Why the Kids in Anomaly's Holiday Video Just Want Coal for Christmas

Agency takes a new approach this year

Why would the British kids in this holiday video from Anomaly ask Father Christmas to bring them lumps of coal? Find out by watching the 90-second clip below. (Hint: Greta Thunberg would be proud.) 

Coal for Christmas: An Open Letter to Santa

See, they want to keep the coal from naughty energy companies that would burn it and harm the environment. 

"The Christmases of our future depend on it," says Anomaly London creative director Matt Roach of reversing the global climate crisis.

"Once again, children are saving the world," he says. "They've been sacrificing their education to join the climate strikes. Now, they're sacrificing getting a present—because they want a future." 

To support the cause, Anomaly will back #FridaysForFuture throughout 2020. "We will be giving our time, resources and expertise to support the group and strikes, in particular in the lead-up to COP26 [next November's United Nations Climate Change Conference] in Glasgow," says agency CEO and partner Camilla Harrisson.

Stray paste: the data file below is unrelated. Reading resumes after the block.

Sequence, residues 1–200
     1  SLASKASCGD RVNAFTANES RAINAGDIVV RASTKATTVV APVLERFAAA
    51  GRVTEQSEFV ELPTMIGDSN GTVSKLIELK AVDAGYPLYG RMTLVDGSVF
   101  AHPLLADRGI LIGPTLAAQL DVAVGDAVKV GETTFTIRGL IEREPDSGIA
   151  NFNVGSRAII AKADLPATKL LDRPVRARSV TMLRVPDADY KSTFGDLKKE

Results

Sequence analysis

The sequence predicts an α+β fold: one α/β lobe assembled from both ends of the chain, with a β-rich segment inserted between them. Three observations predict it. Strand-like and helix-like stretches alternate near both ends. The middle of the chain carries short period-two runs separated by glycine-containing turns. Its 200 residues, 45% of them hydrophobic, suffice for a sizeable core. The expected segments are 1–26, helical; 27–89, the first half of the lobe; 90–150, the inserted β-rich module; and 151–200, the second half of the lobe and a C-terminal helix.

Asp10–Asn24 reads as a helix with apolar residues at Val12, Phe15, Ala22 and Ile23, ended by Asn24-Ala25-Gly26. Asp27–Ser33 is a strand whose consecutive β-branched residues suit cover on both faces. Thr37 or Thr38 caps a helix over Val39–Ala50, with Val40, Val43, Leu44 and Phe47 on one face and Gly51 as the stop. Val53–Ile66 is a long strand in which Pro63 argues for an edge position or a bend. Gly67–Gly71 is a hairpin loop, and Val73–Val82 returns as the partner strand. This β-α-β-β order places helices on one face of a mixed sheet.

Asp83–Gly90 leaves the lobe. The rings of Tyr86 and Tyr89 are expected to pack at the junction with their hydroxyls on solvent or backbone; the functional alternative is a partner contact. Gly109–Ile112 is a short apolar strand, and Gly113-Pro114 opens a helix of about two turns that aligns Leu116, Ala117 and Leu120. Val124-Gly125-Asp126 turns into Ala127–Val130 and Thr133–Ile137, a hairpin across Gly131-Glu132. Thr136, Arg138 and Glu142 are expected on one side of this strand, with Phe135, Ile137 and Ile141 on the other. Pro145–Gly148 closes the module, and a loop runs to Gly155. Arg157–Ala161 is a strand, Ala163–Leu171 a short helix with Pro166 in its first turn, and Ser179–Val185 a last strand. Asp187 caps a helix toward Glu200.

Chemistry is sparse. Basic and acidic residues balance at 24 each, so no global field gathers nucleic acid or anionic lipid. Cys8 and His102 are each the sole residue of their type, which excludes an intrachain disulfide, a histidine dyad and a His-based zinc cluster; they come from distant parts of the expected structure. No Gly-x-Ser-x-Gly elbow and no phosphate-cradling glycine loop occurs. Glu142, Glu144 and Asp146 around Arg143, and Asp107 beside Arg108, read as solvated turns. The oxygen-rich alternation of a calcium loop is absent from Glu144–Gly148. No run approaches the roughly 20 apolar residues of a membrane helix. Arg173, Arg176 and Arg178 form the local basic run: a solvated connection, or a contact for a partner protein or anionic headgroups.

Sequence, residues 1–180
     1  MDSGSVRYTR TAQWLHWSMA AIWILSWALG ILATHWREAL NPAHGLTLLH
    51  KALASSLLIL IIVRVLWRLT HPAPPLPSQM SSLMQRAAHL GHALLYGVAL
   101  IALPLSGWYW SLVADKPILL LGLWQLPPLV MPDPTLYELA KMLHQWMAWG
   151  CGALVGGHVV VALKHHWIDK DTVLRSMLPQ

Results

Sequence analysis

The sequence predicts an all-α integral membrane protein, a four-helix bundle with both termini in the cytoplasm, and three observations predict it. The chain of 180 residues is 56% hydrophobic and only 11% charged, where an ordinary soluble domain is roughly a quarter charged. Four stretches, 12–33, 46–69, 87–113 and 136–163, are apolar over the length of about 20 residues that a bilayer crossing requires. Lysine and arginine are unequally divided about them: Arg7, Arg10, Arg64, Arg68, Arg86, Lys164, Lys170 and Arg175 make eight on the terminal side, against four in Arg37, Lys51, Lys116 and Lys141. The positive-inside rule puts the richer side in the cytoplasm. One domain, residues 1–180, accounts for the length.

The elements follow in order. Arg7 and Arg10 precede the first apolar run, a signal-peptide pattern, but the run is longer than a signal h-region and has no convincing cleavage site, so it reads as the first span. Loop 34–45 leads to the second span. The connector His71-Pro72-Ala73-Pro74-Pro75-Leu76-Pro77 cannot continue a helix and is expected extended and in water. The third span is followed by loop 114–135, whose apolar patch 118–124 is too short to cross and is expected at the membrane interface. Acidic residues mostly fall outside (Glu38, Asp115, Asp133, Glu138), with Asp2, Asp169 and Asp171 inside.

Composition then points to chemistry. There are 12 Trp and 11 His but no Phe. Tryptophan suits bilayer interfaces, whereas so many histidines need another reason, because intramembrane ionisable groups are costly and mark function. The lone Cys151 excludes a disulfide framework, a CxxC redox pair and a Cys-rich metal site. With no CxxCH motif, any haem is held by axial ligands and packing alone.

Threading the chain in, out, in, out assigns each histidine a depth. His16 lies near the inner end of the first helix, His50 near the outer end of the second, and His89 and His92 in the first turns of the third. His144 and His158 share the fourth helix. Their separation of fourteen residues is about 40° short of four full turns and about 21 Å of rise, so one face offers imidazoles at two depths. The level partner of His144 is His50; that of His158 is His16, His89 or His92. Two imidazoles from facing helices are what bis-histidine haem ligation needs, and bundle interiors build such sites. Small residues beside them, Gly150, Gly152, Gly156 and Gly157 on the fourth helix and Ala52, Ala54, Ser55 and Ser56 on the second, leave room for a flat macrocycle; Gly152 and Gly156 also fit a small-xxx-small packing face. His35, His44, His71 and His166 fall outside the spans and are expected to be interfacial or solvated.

It's an inventive approach to addressing a topic many viewers can all too easily tune out. We tip our woolen cap to the creative team for fusing the Christmas coal meme with an environmental message. 

The spot marks Anomaly's fourth consecutive Christmas commercial of note. Previous ads took the form of dark comedies that used South Park-style animation, blood-and-guts imagery and outrageous profanity.

Last year, actor Richard E. Grant narrated a tale of Christmas trees that decorate and torture human beings. Patrick Stewart had a devil of a time in 2018, voicing a story about a "Dear Santa" letter that winds up in Satan's claws. And in 2017, Fleabag star Phoebe Waller-Bridge narrated a fiendishly flighty take on "The 12 Days of Christmas." 

Though unsettling, those efforts can't hold a yuletide candle to the horror underpinning "Coal for Christmas: an Open Letter to Santa." Those earlier spots were make-believe. The climate crisis, and the bleak future it portends for Planet Earth, are all too real.

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David Gianatasio
David Gianatasio is senior editor at Clio Awards.

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